The student media organization of California State University Northridge

Daily Sundial

The student media organization of California State University Northridge

Daily Sundial

The student media organization of California State University Northridge

Daily Sundial

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First ever light from other planets discovered by teams of astronomers

For the first time, two teams of astronomers have been able to detect light from two planets outside our solar system.

One of the planets was discovered by a team led by David Charbonneau, assistant professor of astronomy at the Harvard-Smithsonian Center for Astrophysics. Drake Deming, chief of the Planetary Systems Laboratory in the NASA Goddard Space Flight Center, led the other team.

Astronomers refer to these new planets as extrasolar or exoplanets, Deming said.

“These planets are called extrasolar planets, which means that they orbit outside our solar system,” he said. “Extrasolar and exoplanet mean the same thing.”

The planet discovered by Deming’s team is known as HD209458b, and is approximately 150 light years from Earth, Deming said. The planet discovered by Charbonneau’s team is known by the scientific community as TrES-1, and is approximately 450 light years away from the Earth, Deming said.

“TrES-1 stands for Transatlantic Exoplanet Survey, because (there are) telescopes (set up) in the Canary Islands and in the United States,” Deming said.

Astronomers have been able to detect light from these planets, but little is known about the characteristics of the objects. Astronomers do know that they are extremely hot gaseous planets and have compared them to Jupiter.

“Unlike Earth, which gets its heat from the sun, the planets are 20 times closer to their stars, which is what makes them hotter,” Deming said.

Since 1995, approximately 130 planets outside our solar system have been discovered, but only their shadows have been observed.

“It’s like having 130 people in the room and only seeing their shadows,” Deming said. “Most of the planets were known to exist because of the wobble produced by gravity. We just didn’t know where.”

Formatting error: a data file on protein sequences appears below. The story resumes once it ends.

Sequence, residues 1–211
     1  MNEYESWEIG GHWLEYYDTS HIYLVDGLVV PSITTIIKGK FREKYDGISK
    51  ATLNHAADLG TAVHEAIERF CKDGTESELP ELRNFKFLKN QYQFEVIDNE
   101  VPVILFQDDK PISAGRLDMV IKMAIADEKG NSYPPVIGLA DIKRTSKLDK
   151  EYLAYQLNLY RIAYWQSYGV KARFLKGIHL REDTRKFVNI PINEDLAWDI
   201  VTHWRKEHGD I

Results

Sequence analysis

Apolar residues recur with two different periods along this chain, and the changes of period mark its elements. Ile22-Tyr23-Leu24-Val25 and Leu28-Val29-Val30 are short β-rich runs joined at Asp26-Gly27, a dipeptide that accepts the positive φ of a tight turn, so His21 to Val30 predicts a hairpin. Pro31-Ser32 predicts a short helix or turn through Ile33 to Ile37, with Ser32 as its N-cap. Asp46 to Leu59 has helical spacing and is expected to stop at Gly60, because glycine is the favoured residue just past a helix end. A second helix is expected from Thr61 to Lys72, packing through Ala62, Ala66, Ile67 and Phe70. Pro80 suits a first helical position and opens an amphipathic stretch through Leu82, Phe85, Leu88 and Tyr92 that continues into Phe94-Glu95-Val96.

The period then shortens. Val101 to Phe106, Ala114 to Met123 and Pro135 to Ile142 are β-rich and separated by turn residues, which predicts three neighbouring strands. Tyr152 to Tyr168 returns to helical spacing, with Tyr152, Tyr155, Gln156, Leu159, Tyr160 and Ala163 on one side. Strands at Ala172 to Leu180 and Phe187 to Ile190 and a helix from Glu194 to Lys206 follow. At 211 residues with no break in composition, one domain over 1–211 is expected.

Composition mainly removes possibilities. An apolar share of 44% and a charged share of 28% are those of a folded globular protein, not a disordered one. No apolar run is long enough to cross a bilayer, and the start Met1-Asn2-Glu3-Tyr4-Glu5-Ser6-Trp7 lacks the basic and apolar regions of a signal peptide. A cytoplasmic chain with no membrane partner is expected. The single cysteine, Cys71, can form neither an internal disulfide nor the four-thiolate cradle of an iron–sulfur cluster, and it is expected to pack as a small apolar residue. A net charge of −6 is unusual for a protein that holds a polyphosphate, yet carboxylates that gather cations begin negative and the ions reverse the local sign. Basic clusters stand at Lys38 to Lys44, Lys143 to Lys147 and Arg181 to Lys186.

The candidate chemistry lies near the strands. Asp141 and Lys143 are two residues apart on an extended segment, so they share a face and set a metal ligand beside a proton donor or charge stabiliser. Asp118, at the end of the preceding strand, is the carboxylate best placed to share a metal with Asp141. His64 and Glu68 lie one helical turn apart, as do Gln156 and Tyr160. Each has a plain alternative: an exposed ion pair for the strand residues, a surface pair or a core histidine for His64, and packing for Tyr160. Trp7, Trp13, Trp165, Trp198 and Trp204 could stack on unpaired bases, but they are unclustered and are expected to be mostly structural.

These planets were discovered by the Spitzer Space Telescope, which is capable of detecting heat from planets in the form of infrared light, Deming said.

“Spitzer works in two ways,” said Gordon Squires, assistant director of public affairs and an astronomer at the Spitzer Science Center. “First, the Spitzer measures the amount of light that is coming from the planet. Second, there is a special geometry that subtracts the light of the star from the light of the planet.”

The Spitzer is one of four telescopes in NASA’s Great Observatory, which is capable of looking into distant galaxies.

The Spitzer was not designed to detect new planets, and it came as a surprise to astronomers when it detected the planets’ light.

“It was a surprise that Spitzer would (find planets),” Squires said. “It was not designed to detect new planets, but now we see the possibility of using it for that purpose.”

For the scientific community, the discovery of these two objects is a step toward finding life in distant galaxies.

“Up until that moment, we had only seen light from the nine planets we know of,” Squires said. “Suddenly, we see two more planets. We were not able to do this until now.”

The Spitzer Space Telescope has been orbiting in space since 2003, and is scheduled for a five-year mission.

“The Spitzer mission will end in 2008,” Squires said. “So far, all indications show that it is working beautifully.”

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